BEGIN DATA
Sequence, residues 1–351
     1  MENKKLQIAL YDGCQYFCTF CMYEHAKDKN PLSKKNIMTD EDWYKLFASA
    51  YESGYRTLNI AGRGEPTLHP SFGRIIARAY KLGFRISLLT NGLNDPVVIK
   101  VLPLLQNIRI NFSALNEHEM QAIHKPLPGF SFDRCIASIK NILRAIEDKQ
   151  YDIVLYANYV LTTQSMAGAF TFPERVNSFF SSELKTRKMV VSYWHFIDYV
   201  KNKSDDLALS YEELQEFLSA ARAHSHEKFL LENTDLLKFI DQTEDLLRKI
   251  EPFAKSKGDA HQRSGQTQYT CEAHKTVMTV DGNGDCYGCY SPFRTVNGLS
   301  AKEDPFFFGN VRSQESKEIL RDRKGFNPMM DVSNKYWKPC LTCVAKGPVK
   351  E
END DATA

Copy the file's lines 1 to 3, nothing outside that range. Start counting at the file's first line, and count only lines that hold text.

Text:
Sequence, residues 1–351
     1  MENKKLQIAL YDGCQYFCTF CMYEHAKDKN PLSKKNIMTD EDWYKLFASA
    51  YESGYRTLNI AGRGEPTLHP SFGRIIARAY KLGFRISLLT NGLNDPVVIK